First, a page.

U.S. Pat. No. 5,533,581, discloses an electric hand tool, in particular a drill with a housing, an electric motor, a motor shaft parallel to the housing axis, a work spindle driven by the electric motor, work spindle driven by transmission gearing, the housing divided along a dividing plane for the purpose of switching from straight drilling to angular drilling. The drill spindle as referred to in Col. 4 at line 3 is rototably supported in a bearing of the housing and projects out of the housing. The drill spindle carries a drill chuck at its free and protecting out the housing for clamping a drill bit. Housing is divided along a dividing plane, into a front housing part for the drill spindle and a rear housing part containing the motor and the motor shaft. The dividing plane is situated at an angle of 45 relative to the axis of the motor shaft. The transmission gearing further down in Col. 4 at line 33, between the motor shaft and the spindle extends parallel to the motor shaft, but offset relative to the motor shaft.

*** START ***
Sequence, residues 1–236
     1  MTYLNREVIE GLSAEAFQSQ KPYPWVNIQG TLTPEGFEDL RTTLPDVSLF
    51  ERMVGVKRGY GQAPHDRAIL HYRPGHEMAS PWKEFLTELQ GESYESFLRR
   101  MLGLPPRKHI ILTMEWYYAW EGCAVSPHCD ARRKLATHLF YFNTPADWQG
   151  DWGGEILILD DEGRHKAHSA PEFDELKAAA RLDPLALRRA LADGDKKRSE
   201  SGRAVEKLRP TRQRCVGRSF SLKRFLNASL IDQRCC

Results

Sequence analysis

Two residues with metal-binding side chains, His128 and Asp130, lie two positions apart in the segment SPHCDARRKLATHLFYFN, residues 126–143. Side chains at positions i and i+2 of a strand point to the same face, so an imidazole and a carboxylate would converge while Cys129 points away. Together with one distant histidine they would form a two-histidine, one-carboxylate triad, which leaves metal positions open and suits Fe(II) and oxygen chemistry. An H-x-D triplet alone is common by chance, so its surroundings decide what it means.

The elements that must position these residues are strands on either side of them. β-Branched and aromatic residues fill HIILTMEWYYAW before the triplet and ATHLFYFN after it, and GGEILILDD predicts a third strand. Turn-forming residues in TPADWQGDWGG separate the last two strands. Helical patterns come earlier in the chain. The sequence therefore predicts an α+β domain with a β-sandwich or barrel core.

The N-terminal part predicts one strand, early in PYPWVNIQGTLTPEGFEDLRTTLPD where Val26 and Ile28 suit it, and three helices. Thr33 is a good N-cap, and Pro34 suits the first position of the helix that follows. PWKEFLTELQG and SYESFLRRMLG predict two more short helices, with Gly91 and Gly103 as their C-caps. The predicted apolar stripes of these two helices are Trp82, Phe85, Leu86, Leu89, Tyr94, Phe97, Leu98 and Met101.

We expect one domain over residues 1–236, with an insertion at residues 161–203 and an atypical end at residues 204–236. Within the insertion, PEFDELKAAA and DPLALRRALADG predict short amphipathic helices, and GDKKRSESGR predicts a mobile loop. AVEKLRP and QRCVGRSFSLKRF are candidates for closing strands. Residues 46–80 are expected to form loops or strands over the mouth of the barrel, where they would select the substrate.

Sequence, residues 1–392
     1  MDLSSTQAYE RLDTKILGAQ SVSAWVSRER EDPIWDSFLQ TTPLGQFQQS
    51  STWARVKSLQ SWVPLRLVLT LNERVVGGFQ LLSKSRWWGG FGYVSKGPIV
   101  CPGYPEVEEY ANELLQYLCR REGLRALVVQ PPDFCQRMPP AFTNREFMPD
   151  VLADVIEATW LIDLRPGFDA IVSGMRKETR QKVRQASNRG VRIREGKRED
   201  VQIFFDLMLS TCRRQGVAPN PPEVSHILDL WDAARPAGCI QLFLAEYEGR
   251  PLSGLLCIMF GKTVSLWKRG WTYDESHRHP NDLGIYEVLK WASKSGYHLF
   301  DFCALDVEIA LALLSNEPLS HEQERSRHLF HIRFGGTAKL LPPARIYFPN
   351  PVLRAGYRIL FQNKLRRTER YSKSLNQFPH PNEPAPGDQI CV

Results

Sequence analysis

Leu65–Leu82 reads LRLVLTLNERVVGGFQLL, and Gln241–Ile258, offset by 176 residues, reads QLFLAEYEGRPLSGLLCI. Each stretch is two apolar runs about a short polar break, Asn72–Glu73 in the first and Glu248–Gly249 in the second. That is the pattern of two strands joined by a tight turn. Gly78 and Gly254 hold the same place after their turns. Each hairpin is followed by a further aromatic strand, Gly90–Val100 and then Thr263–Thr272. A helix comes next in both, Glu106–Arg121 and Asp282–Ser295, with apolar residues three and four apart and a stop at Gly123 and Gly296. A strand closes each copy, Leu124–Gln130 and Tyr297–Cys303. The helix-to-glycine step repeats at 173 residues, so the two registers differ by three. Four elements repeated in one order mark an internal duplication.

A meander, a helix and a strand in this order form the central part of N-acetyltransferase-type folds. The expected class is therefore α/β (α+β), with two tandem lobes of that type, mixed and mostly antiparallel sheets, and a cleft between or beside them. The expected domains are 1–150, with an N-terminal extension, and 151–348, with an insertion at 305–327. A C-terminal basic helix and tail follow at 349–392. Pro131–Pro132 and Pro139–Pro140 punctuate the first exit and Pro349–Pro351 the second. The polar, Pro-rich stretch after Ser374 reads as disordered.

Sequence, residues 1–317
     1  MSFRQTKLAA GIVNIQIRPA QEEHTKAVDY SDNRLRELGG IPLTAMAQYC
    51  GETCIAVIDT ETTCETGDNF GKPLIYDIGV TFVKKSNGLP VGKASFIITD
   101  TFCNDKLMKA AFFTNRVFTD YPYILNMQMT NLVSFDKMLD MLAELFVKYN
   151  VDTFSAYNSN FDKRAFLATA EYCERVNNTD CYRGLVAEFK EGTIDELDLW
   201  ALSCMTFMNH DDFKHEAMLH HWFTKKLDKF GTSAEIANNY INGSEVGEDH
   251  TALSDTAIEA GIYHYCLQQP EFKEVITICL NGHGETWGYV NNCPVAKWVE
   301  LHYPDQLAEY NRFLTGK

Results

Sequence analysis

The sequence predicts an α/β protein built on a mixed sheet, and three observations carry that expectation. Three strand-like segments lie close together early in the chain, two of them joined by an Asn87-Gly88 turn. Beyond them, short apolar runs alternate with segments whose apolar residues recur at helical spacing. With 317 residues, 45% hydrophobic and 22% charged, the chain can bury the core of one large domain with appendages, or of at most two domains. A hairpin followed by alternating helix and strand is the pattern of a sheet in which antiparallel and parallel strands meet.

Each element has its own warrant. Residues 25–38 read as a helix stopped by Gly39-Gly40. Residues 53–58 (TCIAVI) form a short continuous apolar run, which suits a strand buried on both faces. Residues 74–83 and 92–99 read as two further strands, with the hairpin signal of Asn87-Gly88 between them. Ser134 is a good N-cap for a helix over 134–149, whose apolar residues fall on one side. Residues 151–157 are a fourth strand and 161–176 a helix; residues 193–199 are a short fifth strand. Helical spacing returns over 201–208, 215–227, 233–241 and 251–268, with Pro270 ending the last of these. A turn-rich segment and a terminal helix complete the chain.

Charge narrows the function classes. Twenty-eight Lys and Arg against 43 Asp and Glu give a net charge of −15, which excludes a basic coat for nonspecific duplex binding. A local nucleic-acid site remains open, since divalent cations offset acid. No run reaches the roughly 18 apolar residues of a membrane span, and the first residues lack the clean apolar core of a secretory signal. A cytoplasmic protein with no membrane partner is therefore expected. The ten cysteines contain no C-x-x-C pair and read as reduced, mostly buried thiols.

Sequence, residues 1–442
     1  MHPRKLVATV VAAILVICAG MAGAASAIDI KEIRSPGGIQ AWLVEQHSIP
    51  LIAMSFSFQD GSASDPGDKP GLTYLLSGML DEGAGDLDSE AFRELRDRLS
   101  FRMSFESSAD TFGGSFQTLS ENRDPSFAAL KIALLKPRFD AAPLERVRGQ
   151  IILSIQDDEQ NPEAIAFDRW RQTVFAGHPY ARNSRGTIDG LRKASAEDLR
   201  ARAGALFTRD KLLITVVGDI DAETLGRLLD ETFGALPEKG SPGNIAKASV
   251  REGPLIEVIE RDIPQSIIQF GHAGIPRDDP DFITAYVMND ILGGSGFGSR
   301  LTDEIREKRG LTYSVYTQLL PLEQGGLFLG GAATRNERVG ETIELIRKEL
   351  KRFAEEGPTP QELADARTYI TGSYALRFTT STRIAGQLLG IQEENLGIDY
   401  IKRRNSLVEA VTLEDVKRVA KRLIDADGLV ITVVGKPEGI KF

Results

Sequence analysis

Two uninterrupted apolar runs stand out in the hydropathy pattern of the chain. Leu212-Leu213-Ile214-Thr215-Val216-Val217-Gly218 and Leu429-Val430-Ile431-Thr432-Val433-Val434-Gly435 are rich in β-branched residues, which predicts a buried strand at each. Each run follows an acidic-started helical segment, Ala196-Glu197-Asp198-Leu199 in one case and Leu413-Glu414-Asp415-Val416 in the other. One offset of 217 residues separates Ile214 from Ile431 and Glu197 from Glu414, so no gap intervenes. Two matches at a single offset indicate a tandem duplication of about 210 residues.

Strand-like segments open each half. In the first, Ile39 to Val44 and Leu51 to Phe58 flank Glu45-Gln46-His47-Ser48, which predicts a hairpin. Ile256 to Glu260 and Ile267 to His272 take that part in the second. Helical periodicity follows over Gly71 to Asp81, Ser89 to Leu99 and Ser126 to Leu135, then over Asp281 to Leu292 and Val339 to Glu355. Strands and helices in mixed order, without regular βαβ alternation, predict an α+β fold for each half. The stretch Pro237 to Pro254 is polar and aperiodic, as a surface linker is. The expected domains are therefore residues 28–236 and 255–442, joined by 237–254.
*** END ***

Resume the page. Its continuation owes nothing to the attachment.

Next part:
U.S. Pat. No. 6,796,385 discloses a fastener driving machine and associated method. The machine is advantageously structured to provide a substantially constant level of torque to a delivery point on the head of the machine independent of the position of the head with respect to the driver. The machine is referred to in Col. 2 outline 57, has a driver structured to provide a given level of torque and also includes a transmission apparatus. The transmission has a gear mechanism, a support, an index, a head, and a structure to transmit the mechanical effort between the driver and the head. The index apparatus that is a first portion in the second portion with the first and second portions biased towards one another. With regard to adjusting the head to various conditions and configurations, referring to Col. 11 outline 17, to adjust the head and therefore move the delivery point in one position to another the lock rings unthreaded from the first teeth. The indexing housing and support are pulled apart to disengage the first and second teeth and the indexing housing is rotated with respect to the support until the desired position is achieved.